By the early afternoon, I’ve secured a reliable source of Coca leaf tea and am spreading the word amongst the group. I have even managed to recruit Jaspreet; an Indian lad who has never taken any drugs or drunk alcohol.

“You’re sure it will be ok Ben?” he asks me in a thick Indian accent.

“Don’t worry, the locals drink this stuff all day” I respond in a soothing manner.

I leave the teabag in his brew for an extended period just to add some extra strength, before passing him the cup.

Later we meet in a nearby field. The retreat staff are preparing to build a large Tipi for the upcoming Peyote ceremony. As part of the retreat, we are required to spend an hour a day assisting with tasks around the retreat grounds. Jaspreet works like a man with a purpose, quickly earning the respect of the local workers. Then during our late afternoon football game, he dominates the forward half – the Coca leaf vibes are strong with that one.

The day of our first Ayahuasca ceremony dawns bright and sunny, and you can feel the buzz of excitement around the table at breakfast. There’s a yoga class mid-morning, followed by a walk to a nearby waterfall. After lunch, we have a sharing session where we are asked to state our reasons for attending. It goes for over an hour and is quite difficult at times. Many of the people have come for healing, and several break down while speaking to the group. There are stories of lost loved ones, childhood trauma, and broken relationships. Some are attending to continue a previous spiritual journey.

A lady called Elspeth claims she is on a mission from God. She has apparently been instructed to build a shared consciousness aggregator of some type. The aggregator will allow humans to communicate with a race of beings with a higher intelligence. She asks for volunteers to assist with her journey, but everyone just sits around looking confused. It is soon my turn to speak, and I make some vague statements about wanting to deal with my failed marriage. My reasons for attending seem to be less important compared to many others.

In the late afternoon, we make our way down to the maloka, which is a round open structure with a tiled roof. We sit on thin mattresses in a large circle, and three shamans enter the space. They are dressed in long flowing robes and are adorned with majestic feathered headpieces. A fire is started in the exact centre of the circle. Surrounding the fire pit is an elaborate array of candles, sacred stones, and herbs. I glance around at others in the group; the air is thick with nervous expectation.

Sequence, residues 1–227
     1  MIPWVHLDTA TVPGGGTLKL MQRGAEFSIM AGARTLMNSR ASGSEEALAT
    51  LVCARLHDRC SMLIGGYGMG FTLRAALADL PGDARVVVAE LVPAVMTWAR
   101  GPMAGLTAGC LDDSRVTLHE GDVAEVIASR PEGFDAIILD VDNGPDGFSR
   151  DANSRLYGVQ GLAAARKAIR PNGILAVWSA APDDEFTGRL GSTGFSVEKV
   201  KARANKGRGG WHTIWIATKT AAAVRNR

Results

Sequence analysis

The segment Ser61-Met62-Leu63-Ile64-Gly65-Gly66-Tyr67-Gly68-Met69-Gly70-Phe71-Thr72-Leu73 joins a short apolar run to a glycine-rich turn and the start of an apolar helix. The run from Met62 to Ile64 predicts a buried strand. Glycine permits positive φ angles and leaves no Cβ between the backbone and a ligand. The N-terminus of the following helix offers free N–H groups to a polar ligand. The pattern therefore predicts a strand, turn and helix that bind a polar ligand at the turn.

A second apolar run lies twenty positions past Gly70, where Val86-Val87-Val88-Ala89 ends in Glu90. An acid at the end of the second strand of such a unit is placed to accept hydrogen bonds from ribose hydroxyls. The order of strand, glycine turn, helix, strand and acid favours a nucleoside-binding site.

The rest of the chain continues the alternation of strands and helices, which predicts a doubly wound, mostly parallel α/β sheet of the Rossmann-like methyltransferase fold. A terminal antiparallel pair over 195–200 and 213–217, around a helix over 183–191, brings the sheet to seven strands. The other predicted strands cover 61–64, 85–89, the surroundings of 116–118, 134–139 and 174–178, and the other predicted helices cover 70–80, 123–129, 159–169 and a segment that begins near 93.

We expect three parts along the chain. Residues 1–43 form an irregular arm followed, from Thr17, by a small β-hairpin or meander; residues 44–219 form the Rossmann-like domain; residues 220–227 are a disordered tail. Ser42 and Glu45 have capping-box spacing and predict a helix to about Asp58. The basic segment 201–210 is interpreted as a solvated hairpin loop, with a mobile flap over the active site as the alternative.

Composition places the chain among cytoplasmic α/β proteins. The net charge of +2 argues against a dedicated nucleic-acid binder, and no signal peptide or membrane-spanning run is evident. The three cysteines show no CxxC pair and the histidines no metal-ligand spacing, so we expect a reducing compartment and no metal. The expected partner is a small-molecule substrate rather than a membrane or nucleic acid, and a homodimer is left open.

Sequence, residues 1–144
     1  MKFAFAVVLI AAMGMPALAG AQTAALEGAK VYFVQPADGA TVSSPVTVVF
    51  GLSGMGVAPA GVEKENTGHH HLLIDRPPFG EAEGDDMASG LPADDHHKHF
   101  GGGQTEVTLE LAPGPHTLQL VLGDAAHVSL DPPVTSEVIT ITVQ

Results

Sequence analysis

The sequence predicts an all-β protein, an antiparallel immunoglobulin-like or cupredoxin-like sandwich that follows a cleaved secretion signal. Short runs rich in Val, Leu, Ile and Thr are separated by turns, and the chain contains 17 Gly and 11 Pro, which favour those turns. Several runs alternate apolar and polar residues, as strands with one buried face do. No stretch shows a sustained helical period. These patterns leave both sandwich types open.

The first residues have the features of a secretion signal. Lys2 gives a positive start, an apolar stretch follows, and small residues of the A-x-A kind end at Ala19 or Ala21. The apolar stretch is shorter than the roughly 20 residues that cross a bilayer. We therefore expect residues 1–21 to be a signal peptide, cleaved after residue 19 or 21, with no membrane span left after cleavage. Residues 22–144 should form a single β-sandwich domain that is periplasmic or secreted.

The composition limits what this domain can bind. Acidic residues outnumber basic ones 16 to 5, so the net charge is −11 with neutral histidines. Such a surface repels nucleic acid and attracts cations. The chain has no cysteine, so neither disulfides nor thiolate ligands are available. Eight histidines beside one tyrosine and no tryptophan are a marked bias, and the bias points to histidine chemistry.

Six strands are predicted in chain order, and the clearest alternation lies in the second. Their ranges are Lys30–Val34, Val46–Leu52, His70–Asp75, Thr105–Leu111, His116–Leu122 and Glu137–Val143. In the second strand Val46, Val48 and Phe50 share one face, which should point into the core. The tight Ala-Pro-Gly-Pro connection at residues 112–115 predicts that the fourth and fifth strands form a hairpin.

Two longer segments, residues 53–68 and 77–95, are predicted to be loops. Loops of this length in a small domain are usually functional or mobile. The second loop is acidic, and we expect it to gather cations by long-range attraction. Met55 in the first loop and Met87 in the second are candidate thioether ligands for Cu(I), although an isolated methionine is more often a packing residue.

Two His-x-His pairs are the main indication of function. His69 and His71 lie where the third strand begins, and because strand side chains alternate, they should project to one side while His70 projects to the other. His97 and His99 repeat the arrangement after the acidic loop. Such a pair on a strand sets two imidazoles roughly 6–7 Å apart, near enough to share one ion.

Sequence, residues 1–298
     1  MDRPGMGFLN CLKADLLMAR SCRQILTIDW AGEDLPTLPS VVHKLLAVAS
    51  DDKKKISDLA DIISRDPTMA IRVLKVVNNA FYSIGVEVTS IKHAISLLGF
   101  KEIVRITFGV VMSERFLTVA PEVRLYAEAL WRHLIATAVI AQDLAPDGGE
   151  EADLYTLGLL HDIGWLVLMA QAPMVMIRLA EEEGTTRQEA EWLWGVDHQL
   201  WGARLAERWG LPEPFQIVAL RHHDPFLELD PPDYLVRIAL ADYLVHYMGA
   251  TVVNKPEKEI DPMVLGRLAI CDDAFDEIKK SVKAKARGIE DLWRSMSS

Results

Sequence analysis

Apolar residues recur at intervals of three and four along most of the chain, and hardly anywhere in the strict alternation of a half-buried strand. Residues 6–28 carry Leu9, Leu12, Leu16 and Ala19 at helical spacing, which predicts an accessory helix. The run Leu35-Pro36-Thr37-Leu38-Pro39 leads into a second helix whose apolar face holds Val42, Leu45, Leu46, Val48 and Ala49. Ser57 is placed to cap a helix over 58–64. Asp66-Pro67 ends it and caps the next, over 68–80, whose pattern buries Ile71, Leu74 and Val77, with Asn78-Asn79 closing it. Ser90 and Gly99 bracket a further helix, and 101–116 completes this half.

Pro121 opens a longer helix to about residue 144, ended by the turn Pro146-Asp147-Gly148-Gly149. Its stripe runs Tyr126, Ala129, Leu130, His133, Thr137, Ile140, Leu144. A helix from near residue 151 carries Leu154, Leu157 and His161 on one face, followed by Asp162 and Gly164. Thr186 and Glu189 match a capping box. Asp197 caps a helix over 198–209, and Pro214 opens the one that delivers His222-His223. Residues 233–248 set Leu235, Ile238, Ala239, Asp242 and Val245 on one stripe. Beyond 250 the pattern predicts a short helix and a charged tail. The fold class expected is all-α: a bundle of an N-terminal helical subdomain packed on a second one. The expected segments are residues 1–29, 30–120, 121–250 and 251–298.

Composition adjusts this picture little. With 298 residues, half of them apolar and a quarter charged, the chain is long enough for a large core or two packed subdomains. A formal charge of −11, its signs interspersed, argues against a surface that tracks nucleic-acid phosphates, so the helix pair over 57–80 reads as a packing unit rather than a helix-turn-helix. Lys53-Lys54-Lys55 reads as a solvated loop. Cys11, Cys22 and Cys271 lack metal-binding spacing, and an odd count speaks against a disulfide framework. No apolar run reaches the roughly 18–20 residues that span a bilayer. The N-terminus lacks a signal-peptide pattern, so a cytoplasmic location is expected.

The shamans work through a number of prayers. Ritual is obviously an incredibly important part of the ceremony, and every act is conducted with reverence and care. I can feel the impatient Westerner within wanting to get things moving. A part of me wants to stand up and request that we get straight to the drug-taking, but I decide to respect the process instead, and the shamans are soon circulating anyway. First liquid tobacco is offered. The one catch is that you are required to snort it up your nose. I give it my best shot but end up spilling half of it. As I’m sneezing and spluttering, I’m assured that it will open my third eye and make me more receptive to visions. I glance around at others. They also appear to be having some trouble inhaling the liquid tobacco.

Many soul-searching tourists venture to the forests of Ecuador to sample psychedelic plant medicine. 

Next, the shamans circulate with the first dose of Ayahuasca. It comes in a shot glass and has a tangy rotting vegetable flavour. The after taste lingers and it feels a bit like I’ve been drinking stagnant pond water. The group settles in, and the shamans take up some of the most unique instruments I have ever seen. Flutes and chimes are used to set the mood. A bow-like contraption makes sounds much like a highly tuned wobble board.